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Operation and Experimentation
Measure out a desired quantity of Ca(OH)2 for your test and add it to a coffee filter that has already been weighed without Ca(OH)2 added to it. Place the coffee filter onto the HDX lid that is within the humidifier box. Close the lid and run the air pump for your desired amount of time. The powder will start to clump up and form cracks as humidification takes place.

Calculating CO2 Uptake

The coffee filter plus product should be thoroughly dried before weighing. Subtract the weight of the coffee filter and also the weight of the Ca(OH)2 that you added. That will give the amount of mass change that has taken place. This change in mass is equal to the grams of CO2 sequestered minus the grams of water that have evaporated.
The carbonation reaction once again is Ca(OH)2 + CO2 -> CaCO3 + H2O. Since both sides of the equation must have the same mass (mass balance), the following must also be true:
change in mass = x * (mol wt CaCO3 - mol wt Ca(OH)2) = x * (100.0869 g/mol - 74.09268 g/mol) = x * 25.9942
where x = moles of CaCO3 produced.
It also follows that the grams of CO2 captured is x * (mol wt CO2), which equals x * 44.0095 g/mol.
Thus the change in mass that is measured must be scaled by a factor of (44.0095/25.9942) = 1.693 to obtain the actual amount of CO2 taken up.
Example: You have added 10.00 g Ca(OH)2 to a coffee filter weighing 0.86 g. The total initial weight is 10.86 g.
After your run, you measure a weight of coffee filter + product of 12.11 g.
You subtract the weight of the coffee filter to get the weight of the product, which is 12.11 g - 0.86 g = 11.25 g.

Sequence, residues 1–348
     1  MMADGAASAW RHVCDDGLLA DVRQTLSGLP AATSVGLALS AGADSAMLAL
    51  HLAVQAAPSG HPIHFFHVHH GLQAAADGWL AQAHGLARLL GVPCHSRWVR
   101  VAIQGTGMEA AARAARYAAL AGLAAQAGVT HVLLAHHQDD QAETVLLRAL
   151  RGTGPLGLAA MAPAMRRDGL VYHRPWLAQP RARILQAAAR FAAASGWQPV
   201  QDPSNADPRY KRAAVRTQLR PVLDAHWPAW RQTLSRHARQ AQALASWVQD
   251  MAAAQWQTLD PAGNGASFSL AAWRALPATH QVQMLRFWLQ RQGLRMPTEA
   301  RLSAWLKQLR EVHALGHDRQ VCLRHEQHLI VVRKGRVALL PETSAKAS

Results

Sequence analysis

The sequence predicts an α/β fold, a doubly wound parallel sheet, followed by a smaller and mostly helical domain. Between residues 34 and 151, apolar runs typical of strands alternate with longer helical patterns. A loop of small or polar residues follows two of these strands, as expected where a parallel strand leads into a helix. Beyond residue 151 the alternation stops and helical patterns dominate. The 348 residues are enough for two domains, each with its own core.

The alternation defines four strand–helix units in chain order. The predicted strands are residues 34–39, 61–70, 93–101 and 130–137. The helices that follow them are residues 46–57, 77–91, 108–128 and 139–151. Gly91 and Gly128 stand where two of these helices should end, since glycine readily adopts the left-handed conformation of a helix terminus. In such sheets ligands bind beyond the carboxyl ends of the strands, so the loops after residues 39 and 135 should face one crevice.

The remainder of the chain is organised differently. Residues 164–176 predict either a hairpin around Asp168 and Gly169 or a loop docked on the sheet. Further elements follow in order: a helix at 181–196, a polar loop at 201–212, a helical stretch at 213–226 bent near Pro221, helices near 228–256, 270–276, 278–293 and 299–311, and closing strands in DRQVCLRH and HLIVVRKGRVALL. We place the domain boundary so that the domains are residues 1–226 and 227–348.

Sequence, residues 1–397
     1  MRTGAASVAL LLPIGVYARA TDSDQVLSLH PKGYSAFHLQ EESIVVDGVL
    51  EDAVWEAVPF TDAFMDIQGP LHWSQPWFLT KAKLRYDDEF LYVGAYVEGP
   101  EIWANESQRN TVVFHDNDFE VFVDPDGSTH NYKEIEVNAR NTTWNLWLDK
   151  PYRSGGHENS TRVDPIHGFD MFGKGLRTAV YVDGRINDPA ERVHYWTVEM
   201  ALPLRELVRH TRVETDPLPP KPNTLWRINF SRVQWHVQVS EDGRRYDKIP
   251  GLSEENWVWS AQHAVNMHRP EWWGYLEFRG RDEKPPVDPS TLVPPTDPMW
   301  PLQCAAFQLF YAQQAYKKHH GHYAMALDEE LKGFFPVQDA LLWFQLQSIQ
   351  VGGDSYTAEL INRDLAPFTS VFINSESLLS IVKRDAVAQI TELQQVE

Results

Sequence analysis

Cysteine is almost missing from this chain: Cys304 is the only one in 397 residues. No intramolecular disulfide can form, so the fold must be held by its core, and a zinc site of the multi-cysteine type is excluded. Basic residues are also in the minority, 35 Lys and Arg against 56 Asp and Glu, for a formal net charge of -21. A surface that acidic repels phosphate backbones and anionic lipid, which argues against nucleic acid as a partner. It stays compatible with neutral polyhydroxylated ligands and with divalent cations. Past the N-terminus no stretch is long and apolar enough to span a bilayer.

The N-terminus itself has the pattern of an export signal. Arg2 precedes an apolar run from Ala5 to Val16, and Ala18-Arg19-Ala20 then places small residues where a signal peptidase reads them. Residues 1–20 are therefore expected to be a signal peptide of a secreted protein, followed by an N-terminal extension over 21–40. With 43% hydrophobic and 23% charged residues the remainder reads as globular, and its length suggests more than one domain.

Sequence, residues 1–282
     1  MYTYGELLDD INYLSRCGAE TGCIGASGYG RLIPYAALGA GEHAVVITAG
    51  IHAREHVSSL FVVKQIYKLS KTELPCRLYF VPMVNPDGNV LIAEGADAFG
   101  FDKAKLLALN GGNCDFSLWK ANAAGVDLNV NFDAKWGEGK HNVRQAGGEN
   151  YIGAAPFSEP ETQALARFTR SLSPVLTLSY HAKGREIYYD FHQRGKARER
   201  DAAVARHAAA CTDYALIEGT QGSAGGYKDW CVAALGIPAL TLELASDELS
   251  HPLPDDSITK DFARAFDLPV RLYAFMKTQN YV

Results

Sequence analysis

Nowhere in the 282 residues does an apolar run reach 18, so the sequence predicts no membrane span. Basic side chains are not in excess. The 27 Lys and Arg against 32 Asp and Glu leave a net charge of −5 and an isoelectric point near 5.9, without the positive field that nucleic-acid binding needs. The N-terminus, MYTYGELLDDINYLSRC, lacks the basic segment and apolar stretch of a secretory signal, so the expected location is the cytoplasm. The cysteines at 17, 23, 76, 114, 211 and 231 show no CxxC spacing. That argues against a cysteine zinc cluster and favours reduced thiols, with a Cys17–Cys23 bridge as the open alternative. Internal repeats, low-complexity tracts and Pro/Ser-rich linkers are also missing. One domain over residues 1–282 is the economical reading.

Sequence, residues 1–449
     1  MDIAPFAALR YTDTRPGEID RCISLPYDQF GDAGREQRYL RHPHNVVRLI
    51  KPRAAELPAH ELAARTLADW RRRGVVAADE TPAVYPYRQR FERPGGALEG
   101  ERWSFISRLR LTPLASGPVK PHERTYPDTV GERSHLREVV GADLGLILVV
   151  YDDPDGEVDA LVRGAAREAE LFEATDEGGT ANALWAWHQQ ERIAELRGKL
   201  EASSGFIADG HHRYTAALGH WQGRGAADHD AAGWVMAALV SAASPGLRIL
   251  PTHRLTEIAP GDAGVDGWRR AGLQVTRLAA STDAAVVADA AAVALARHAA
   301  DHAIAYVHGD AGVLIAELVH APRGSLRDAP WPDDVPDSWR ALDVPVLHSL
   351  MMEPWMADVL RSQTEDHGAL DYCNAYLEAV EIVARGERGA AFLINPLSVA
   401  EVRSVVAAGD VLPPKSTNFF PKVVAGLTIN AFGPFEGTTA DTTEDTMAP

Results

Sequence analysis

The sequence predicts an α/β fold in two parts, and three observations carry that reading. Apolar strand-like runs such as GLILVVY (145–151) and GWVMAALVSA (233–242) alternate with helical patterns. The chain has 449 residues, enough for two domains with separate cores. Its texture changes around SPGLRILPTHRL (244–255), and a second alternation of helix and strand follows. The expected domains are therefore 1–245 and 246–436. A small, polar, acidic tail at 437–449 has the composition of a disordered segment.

The mass change from final to initial time points is thus 11.25 g - 10.00 g = 1.25 g.
You must then increase the mass change by a factor of 1.693 to get the weight of CO2 taken up. This is 1.25 g * 1.693 = 2.12 g.
The above was taken from the best experimental run so far. For approximately every 5x Ca(OH)2 inputted, 1x CO2 is taken up. Making a thin layer of Ca(OH)2 really seems to help.

Confirming the Presence of CO2

You can confirm the presence of CaCO3 by doing a 5% distilled white vinegar test. A positive test is the visible emission of bubbles (CO2) upon applying the vinegar to the product. Make sure you do the test after you have made sure your sample is completely dry and you have already quantified your CO2 uptake, as you will release some of your captured CO2 during this test.

Storage

The unit is fine to sit closed for long periods of time. If you leave the water inside, the water will very slowly evaporate. For longer-term storage, empty the water, dry, and store the equipment together. As for storage of the product, partially-reacted Ca(OH)2 stored in thin layers will fully react over time, and it would be educational to check the weight increase over time.

Disposal/Reuse

Calcium carbonate is a safe material that surrounds any unreacted Ca(OH)2. Over time, even the unreacted Ca(OH)2 will get carbonated. Disposal should be the same for typical soil materials. Calcium carbonate also has many uses. Note that just because this link includes many medical applications of CaCO3 does not mean you should ingest it - this rule applies for any product you might produce. However, it is fine to use it in the garden in small amounts as a treat for tomatoes and other alkaline-loving plants. It can also be mixed in a 1:1 mixture with cement to form figurines, tiles, bricks, and other creative works.
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Calculating CO2 Uptake
Confirming the Presence of CO2
Storage
Disposal/Reuse